When Tony came home in the late ’90s and showed me all his photos and videos from the villages he lived in and safaris he’d taken in Zambia and Tanzania during his vacation time, I was spellbound. This was no mere NatGeo documentary: These were the wild, adventurous experiences of someone I knew personally.
From that point on, I knew I just HAD to get to Africa. I just didn’t know how…
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THOUGHTS ON TURNING 50
The funny thing about life is that we don’t often recognize the important milestones of our lives as we’re experiencing them. Only in retrospect do we seem to connect the dots that these transitional moments represent, and realize how they’ve altered the very course of our existence.
Would I have become so interested in the history and culture of the African diaspora had my parents given in to “white flight” and left Decatur before I started high school? Would I have dreamed of traveling to Africa had Tony not gone in the Peace Corps? Would I have even become a journalist if he hadn’t quit the band to follow his dreams? It’s impossible to know the answers.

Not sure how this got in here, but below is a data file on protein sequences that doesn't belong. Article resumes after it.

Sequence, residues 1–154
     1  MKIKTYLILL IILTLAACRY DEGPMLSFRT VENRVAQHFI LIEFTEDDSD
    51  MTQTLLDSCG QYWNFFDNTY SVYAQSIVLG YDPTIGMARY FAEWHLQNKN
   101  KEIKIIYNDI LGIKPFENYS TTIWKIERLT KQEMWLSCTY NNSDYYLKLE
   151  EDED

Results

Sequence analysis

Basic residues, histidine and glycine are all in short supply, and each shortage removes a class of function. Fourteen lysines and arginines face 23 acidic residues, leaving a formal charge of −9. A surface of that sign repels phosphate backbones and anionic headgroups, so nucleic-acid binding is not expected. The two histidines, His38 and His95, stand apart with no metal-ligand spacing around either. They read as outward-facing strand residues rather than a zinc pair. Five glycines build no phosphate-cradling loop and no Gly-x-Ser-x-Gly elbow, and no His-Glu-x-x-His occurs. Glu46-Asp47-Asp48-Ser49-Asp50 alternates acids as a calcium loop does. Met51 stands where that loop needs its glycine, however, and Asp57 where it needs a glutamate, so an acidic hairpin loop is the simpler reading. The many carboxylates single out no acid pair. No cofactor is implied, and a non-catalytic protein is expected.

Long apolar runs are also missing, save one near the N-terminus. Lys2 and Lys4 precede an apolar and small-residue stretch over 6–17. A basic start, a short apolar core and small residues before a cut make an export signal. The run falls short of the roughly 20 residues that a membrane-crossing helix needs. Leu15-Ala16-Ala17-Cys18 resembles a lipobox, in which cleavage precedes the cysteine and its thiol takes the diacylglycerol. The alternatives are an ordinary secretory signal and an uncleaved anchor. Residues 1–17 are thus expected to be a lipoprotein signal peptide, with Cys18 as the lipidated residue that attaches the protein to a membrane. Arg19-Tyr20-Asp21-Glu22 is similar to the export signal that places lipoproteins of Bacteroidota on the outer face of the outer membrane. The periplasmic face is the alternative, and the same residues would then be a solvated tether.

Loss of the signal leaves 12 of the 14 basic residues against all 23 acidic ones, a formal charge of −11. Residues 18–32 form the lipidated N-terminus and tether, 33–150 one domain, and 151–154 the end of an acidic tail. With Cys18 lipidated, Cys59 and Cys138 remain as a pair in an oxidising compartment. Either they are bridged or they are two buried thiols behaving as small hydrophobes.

What I do know for certain is that the life I’ve had in the 20+ years since Tony left for Africa and I started writing about music, culture, history, and travel has far exceeded any expectations I might have had back in my twenties. Turning 50 really does not seem so bad at all when I reflect back on the fortuitous series of circumstances that led me to where I am today.
Writing about music led me to editing a local pop culture magazine, which led to managing a network of 15 affiliated magazines. It was through that job that I took my first trip to South Africa in 2000. It was through that press trip– during a visit to Londolozi Private Game Reserve– that I first learned about the connection between ecotourism and conservation.
As a result of that trip, my writing passions slowly shifted from pop culture to travel and global culture. I became a full-time freelance writer and contributed to several books on world music. I started writing about travel for airline and hotel magazines. I traveled with Allie in Central America and the Caribbean, creating father-daughter bonds that have grown stronger over time.
But my biggest transition was falling in love with Mary in 2008. We shared similar passions for travel, adventure, exploration, and discovery.
Without Mary, I would’ve never launched Green Global Travel in 2010. Without GGT, we would’ve never been able to afford our trip to Tanzania and Rwanda in 2015, or my trip with Allie to Kruger National Park in 2016. Mary helped make my wildest dreams come true.
Looking back now on the last 50 years of my life, I can clearly see that all of these disparate moments were connected. And it’s thanks to this series of fortunate events that we are about to embark upon the greatest adventure our family has ever taken together.